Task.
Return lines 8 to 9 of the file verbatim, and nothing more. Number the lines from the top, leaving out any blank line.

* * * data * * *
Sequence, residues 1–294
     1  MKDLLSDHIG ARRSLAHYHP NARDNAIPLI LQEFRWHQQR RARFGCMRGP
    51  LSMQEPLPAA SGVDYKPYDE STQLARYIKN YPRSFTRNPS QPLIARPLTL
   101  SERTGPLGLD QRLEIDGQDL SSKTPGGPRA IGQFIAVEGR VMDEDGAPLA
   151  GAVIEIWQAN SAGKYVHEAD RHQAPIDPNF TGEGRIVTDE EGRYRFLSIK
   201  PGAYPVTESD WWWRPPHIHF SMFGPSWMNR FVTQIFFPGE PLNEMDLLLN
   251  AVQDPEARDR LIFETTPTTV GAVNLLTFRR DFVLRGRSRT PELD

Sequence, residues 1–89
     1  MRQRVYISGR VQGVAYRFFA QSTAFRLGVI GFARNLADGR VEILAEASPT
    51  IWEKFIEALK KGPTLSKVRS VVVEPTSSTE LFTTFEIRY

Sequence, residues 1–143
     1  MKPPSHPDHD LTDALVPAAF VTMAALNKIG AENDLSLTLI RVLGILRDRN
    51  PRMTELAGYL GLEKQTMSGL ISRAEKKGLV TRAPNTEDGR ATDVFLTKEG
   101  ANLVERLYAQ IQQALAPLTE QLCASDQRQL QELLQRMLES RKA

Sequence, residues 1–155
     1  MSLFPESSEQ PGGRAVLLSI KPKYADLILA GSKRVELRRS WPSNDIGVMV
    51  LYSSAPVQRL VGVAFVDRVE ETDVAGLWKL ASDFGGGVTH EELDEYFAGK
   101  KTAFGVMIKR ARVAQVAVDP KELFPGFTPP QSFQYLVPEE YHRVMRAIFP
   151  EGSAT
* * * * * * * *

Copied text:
Sequence, residues 1–89
     1  MRQRVYISGR VQGVAYRFFA QSTAFRLGVI GFARNLADGR VEILAEASPT